While the car doesn’t have gobs of power, we found it quite useable on the street. When enjoying some twisty back roads, on multiple occasions I became a bit concerned with how fast I was going after the car invoked a big grin. When I looked down at the speedometer, it read a modest speed. If you took a new Porsche 911 around the same turns going the same speeds, you’d probably be bored. We truly enjoyed having the limits of the car be more approachable on streets.
As I drove the FR-S more and more which included taking it on a several hour long trip, I was mentally bracing myself for a large gas bill. But it never happened. With a combination of back roads, some highway, and not driving it with gas conservation in mind, I still averaged over 30 mpg. It has a relatively low initial purchase price for what it is, easy to work on, and won’t suck all of your money in gas costs, it’s a truly wonderful package for automotive enthusiasts.
Second Opinion – Nate Lichaa
Hands down, this is one of the most fun-to-drive new cars you can buy for $25,000. Every time I would take a turn from a stop, I would purposely swing the rear end out. With the VSC in Sport mode, the rear end would kick out only a little bit. But if you turn off the VSC completely, the rear end does whatever you command. What a hoot! This car would make a great drifter too.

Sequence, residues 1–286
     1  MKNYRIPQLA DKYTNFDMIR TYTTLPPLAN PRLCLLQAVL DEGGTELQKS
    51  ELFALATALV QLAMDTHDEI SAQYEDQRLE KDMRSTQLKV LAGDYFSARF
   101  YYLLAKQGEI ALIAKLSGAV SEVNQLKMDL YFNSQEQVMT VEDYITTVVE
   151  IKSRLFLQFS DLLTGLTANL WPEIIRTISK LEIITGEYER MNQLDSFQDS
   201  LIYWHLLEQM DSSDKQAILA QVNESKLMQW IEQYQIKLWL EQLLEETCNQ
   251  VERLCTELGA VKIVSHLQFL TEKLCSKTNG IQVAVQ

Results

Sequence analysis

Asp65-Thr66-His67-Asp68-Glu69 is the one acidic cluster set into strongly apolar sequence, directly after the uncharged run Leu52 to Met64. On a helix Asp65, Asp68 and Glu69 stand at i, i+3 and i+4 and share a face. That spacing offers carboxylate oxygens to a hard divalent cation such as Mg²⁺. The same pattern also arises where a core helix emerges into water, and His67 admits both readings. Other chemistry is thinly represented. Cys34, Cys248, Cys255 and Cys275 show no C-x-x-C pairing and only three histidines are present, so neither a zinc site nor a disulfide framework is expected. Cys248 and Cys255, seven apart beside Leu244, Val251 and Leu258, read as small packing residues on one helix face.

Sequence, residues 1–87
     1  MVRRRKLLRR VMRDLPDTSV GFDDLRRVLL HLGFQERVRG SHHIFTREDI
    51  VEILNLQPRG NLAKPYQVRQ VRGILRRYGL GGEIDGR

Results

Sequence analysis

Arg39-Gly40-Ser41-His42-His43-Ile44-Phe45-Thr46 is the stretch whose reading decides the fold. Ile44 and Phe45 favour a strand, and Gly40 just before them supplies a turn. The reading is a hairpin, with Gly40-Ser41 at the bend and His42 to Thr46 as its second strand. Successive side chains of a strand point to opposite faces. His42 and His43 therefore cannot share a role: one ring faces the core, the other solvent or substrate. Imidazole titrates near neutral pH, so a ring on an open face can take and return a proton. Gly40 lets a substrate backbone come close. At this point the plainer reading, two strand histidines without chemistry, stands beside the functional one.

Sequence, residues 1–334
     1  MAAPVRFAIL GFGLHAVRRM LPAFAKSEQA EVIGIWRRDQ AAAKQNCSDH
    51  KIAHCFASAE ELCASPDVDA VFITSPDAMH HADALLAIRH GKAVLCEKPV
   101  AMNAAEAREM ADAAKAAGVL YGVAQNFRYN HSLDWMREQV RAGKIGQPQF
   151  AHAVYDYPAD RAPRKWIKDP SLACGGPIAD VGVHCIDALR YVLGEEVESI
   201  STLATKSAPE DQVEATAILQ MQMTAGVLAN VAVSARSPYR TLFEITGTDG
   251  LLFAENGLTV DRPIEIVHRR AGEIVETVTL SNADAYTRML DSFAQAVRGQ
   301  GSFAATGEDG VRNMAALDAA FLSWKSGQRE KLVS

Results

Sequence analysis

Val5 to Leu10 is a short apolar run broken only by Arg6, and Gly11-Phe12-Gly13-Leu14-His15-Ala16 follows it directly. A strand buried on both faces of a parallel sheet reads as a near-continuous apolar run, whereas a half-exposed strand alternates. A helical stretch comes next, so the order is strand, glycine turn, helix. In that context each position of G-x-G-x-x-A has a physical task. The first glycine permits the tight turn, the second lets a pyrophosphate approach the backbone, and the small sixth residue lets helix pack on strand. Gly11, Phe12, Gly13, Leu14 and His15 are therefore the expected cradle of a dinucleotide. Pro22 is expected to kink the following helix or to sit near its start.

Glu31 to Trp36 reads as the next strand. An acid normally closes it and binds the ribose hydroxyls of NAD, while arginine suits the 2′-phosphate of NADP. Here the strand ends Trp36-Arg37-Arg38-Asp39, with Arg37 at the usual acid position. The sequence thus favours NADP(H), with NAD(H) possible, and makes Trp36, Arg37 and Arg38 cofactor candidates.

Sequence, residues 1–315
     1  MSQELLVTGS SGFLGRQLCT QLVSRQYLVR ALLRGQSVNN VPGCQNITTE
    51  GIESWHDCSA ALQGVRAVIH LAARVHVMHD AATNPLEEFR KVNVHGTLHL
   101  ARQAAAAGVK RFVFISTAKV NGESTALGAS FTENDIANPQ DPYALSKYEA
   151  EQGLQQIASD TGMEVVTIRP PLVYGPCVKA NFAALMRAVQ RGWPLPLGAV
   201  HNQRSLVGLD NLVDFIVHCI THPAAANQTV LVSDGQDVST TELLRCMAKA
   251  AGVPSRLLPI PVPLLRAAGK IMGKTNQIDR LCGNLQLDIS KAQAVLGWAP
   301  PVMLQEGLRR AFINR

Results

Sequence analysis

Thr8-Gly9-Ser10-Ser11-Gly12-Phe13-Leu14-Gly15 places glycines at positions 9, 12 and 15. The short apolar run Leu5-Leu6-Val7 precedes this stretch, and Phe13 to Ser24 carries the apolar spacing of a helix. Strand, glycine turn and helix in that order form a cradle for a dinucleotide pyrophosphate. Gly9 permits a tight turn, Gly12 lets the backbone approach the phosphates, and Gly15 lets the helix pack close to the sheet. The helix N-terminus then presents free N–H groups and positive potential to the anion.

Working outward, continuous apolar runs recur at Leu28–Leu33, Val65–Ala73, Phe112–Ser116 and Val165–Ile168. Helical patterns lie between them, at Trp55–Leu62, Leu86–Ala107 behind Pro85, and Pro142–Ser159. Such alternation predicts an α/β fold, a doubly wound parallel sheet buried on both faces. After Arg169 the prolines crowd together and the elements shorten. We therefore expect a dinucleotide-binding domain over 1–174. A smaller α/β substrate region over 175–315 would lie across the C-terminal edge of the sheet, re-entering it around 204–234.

When I first drove the FR-S a few months ago, it was right after driving much more powerful sports cars, so it really felt underpowered to me. But I loved its extremely capable chassis, connected driving feel and pure sports car driving experience. Now that I had the opportunity to spend more time behind the wheel, it actually feels appropriately powered and spirited. I do think Scion should provide a more potent engine option though for those who wish to purchase it. Heck, if this thing came with a turbo, I wouldn’t “need” a Porsche and could save a lot of money too.
I also want to reiterate Dave’s comments about the grin this car can put on your face at legal speeds, and how affordable this car is to fuel. There are several instances where I playfully drove 45 mph on roads with 45 mph speed limits and felt like I was speeding, while I would have been much less entertained doing the exact same thing in more luxurious performance cars. Also, in more powerful cars where I would typically average mpg’s in the mid teens in spirited driving, I achieved approximately 23 mpg in the FR-S. Under normal driving, I was seeing mpgs in the mid to upper 20’s.
Vehicle type: Front Engine, RWD, 2-Door Coupe
Base price (including destination): $25,066
Price as tested (including destination): $25,066
Engine: 2.0L 4-Cyl Boxter DOHC 16V
Torque: 151 ft-lb
Transmission: 6-speed manual transmission
Curb Weight: 2,758 lbs
RWRT’s 0 – 60 MPH: 6.4 seconds
EPA Rating (city/hwy/comb): 25 / 34 / 28
Recommended Fuel: Premium